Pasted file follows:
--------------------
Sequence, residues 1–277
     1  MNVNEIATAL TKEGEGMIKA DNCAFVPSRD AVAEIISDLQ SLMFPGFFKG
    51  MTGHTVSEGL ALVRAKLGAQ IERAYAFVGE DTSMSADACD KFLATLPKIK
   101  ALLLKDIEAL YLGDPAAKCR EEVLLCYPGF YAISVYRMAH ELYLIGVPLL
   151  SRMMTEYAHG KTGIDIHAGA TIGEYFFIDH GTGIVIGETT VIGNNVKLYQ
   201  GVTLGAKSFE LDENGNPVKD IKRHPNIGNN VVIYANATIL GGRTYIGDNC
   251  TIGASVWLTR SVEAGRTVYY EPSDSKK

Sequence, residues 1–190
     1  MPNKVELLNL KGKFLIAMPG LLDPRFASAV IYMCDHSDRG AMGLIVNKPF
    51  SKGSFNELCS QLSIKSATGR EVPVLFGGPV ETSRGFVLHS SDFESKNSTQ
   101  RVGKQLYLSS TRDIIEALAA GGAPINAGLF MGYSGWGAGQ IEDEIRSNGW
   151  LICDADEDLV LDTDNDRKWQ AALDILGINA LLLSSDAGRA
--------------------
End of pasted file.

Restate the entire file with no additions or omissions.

Sequence, residues 1–277
     1  MNVNEIATAL TKEGEGMIKA DNCAFVPSRD AVAEIISDLQ SLMFPGFFKG
    51  MTGHTVSEGL ALVRAKLGAQ IERAYAFVGE DTSMSADACD KFLATLPKIK
   101  ALLLKDIEAL YLGDPAAKCR EEVLLCYPGF YAISVYRMAH ELYLIGVPLL
   151  SRMMTEYAHG KTGIDIHAGA TIGEYFFIDH GTGIVIGETT VIGNNVKLYQ
   201  GVTLGAKSFE LDENGNPVKD IKRHPNIGNN VVIYANATIL GGRTYIGDNC
   251  TIGASVWLTR SVEAGRTVYY EPSDSKK

Sequence, residues 1–190
     1  MPNKVELLNL KGKFLIAMPG LLDPRFASAV IYMCDHSDRG AMGLIVNKPF
    51  SKGSFNELCS QLSIKSATGR EVPVLFGGPV ETSRGFVLHS SDFESKNSTQ
   101  RVGKQLYLSS TRDIIEALAA GGAPINAGLF MGYSGWGAGQ IEDEIRSNGW
   151  LICDADEDLV LDTDNDRKWQ AALDILGINA LLLSSDAGRA